News Release

Obama, Lincoln and Native Americans


Nightwolf is host of “The Nightwolf Show” on WPFW Radio in Washington, D.C. and a member of the Echota Cherokee nation.
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Author of the forthcoming books Home of the Brave and Myth and Empire: Indigenous History of the United States, Dunbar-Ortiz said today: “President Barack Obama, speaking at the Annual Lincoln Banquet in Springfield, Illinois on the occasion of Lincoln’s 200th birthday, asked why it was that Lincoln was so devoted to maintaining the Union, answering that the United States had always been more than 13 colonies or a collection of states, rather the United States. Obama observes that Lincoln, despite being commander-in-chief of an ongoing war, made sure that white settlers had land by creating the Homestead Act; Obama also observes that Lincoln himself came from a frontier white settler family and understood that settlers needed land.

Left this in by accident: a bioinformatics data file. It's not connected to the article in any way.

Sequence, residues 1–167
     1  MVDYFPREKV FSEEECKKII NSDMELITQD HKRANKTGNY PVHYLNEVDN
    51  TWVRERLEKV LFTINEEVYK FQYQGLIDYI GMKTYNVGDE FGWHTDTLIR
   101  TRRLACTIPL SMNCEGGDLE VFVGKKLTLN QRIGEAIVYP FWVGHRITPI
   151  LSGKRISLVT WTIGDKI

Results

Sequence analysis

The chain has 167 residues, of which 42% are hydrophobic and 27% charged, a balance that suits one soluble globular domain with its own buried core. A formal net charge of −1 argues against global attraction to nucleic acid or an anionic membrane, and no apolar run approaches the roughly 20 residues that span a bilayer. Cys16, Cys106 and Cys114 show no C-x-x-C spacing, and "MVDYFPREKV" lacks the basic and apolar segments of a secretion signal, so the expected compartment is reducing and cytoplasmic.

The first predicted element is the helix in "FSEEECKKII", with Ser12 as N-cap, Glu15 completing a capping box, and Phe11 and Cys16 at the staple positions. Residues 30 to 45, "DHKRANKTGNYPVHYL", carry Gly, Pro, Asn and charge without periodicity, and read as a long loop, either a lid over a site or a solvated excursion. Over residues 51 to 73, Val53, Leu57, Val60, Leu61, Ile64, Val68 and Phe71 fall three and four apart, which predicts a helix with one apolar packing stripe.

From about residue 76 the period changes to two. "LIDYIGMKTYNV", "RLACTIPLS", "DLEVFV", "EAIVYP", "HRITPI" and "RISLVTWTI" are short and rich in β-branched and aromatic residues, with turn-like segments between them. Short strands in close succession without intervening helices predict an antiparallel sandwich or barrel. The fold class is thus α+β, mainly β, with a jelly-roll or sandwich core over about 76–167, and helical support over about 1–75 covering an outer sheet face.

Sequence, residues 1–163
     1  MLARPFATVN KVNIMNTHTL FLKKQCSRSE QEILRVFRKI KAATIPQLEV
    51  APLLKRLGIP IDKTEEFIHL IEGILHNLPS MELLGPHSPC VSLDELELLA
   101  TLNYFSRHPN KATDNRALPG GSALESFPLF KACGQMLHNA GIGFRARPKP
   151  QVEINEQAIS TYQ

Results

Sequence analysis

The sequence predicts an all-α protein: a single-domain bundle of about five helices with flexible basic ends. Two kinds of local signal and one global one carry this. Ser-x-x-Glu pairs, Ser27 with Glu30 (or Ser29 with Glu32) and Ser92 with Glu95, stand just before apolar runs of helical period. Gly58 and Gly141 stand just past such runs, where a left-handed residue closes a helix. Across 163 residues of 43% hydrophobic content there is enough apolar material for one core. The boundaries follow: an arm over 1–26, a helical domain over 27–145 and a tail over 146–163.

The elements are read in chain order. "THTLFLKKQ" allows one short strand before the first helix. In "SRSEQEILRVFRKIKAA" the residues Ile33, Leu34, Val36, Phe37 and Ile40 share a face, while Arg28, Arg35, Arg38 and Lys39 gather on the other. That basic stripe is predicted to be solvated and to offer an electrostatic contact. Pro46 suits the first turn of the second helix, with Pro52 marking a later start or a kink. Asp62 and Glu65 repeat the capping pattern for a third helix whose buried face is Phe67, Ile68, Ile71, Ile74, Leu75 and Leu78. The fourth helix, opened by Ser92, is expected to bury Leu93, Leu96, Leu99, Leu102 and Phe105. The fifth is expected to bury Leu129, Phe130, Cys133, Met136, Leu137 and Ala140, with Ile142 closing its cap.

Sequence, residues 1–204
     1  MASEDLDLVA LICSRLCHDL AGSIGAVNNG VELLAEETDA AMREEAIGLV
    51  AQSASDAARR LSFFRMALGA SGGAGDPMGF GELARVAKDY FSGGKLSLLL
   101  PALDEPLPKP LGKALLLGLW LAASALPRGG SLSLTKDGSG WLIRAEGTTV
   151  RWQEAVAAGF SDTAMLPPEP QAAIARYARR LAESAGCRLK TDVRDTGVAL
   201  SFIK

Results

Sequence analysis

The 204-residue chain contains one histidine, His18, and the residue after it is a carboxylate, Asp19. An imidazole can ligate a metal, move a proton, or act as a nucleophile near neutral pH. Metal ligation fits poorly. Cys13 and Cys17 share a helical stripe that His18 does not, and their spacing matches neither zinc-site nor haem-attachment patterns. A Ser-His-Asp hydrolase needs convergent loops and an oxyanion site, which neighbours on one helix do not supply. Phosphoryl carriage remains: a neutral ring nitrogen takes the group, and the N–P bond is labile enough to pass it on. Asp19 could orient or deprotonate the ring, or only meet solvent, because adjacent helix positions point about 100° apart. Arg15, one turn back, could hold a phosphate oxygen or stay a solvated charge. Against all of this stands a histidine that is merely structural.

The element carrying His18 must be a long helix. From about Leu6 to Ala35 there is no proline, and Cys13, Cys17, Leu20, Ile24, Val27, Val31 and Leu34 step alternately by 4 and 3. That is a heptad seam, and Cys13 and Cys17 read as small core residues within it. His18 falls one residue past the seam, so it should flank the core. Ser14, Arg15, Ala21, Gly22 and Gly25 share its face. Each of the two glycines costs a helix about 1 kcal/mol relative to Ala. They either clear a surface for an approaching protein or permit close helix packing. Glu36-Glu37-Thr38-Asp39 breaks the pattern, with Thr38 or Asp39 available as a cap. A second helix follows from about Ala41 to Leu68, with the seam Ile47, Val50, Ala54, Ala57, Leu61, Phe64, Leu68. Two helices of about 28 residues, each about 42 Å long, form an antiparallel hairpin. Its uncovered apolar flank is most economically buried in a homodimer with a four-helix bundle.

“Obama did not mention where that land came from, who were the dispossessed owners of that land. In 1862, Lincoln ordered the largest mass execution in U.S. history: More than 300 indigenous Dakota farmers in Minnesota who resisted the white settlers and squatted on their land were rounded up by the military and condemned to death. Lincoln ordered that 10 percent of them, chosen at random, should be executed. During Lincoln’s term, the Union army invaded Navajo country and force-marched 10,000 Navajos from their alpine homeland to the waterless desert area of southeast New Mexico to be held in a concentration camp where nearly half of them died. Then, there was the massacre of unarmed, surrendered Cheyenne at Sand Creek in southern Colorado.”

Dunbar-Ortiz’s books include Roots of Resistance: History of Land Tenure in New Mexico, Indians of the Americas and The Great Sioux Nation. She is professor emeritus in the Department of Ethnic Studies at California State University East Bay in Hayward, California.
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Text of Obama’s speech is here.

For more information, contact at the Institute for Public Accuracy:
Sam Husseini, (202) 347-0020; or David Zupan, (541) 484-9167